Please use this identifier to cite or link to this item: http://hdl.handle.net/1893/22653
Appears in Collections:Psychology Journal Articles
Peer Review Status: Refereed
Title: Cue combination of conflicting color and luminance edges
Authors: Sharman, Rebecca J
McGraw, Paul V
Peirce, Jonathan W
Contact Email: rebecca.sharman@stir.ac.uk
Keywords: Color
luminance
conflicting
edges
cue combination
Issue Date: Dec-2015
Publisher: SAGE
Citation: Sharman RJ, McGraw PV & Peirce JW (2015) Cue combination of conflicting color and luminance edges, i-Perception, 6 (6), Art. No.: 2041669515621215.
Abstract: Abrupt changes in the color or luminance of a visual image potentially indicate object boundaries. Here, we consider how these cues to the visual “edge” location are combined when they conflict. We measured the extent to which localization of a compound edge can be predicted from a simple maximum likelihood estimation model using the reliability of chromatic (L−M) and luminance signals alone. Maximum likelihood estimation accurately predicted thepatternof results across a range of contrasts. Predictions consistently overestimated the relative influence of the luminance cue; although L−M is often considered a poor cue for localization, it was used more than expected. This need not indicate that the visual system is suboptimal but that its priors about which cue is moreusefulare not flat. This may be because, although strong changes in chromaticity typically represent object boundaries, changes in luminance can be caused by either a boundary or a shadow.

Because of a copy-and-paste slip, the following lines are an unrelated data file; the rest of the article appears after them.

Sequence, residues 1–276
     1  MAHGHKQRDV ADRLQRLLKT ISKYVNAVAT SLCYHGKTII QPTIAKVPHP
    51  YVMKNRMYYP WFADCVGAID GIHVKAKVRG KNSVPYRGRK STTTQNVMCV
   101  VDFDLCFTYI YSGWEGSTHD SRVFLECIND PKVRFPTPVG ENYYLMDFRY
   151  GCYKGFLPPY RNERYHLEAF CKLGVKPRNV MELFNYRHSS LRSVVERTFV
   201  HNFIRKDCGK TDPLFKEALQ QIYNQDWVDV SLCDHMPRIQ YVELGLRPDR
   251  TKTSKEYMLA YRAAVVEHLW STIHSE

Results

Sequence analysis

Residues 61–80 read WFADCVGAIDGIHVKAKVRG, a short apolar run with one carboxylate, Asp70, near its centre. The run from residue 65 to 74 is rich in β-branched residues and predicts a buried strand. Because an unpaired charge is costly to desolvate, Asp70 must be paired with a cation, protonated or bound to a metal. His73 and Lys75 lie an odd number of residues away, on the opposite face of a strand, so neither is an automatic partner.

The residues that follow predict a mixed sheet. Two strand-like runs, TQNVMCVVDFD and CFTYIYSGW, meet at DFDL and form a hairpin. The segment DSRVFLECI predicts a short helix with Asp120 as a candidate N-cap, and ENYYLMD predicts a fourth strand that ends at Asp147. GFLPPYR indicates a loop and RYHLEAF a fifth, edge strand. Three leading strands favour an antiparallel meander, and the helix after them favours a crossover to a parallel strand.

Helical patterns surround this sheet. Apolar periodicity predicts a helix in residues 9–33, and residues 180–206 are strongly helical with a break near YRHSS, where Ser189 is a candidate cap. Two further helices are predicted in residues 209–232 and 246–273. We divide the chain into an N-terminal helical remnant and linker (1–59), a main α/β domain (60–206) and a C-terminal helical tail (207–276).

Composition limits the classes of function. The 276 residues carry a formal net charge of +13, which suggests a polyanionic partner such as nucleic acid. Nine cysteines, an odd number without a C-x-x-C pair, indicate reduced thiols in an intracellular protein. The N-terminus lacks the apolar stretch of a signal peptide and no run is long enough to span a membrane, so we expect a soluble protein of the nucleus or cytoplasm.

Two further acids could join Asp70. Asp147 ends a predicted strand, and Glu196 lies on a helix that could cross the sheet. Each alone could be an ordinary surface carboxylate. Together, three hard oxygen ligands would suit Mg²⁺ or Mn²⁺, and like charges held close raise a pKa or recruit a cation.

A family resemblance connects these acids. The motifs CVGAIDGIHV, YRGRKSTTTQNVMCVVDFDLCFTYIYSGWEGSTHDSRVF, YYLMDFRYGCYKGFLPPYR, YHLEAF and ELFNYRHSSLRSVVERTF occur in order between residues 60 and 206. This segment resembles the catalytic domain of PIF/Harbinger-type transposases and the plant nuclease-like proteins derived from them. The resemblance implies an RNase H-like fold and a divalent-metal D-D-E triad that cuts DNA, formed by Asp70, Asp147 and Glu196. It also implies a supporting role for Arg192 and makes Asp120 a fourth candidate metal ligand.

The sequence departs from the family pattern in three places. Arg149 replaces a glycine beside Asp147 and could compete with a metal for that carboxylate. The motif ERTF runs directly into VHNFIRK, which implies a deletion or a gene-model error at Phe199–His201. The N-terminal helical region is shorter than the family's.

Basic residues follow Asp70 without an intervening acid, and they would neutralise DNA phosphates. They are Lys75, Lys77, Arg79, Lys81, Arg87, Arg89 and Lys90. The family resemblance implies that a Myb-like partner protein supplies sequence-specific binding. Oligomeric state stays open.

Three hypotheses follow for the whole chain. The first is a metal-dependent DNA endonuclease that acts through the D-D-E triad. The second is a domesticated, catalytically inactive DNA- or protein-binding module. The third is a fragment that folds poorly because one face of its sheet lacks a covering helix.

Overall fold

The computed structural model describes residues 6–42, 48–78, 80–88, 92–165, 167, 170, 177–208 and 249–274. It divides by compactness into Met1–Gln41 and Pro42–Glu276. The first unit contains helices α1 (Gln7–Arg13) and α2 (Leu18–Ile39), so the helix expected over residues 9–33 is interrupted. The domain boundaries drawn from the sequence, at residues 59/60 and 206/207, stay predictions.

Type: Journal Article
URI: http://hdl.handle.net/1893/22653
DOI Link: http://dx.doi.org/10.1177/2041669515621215
Rights: This article is distributed under the terms of the Creative Commons Attribution 3.0 License (http://www.creativecommons.org/licenses/by/3.0/) which permits any use, reproduction and distribution of the work without further permission provided the original work is attributed as specified on the SAGE and Open Access page (https://us.sagepub.com/en-us/nam/open-access-at-sage).
Affiliation: Psychology
University of Nottingham
University of Nottingham

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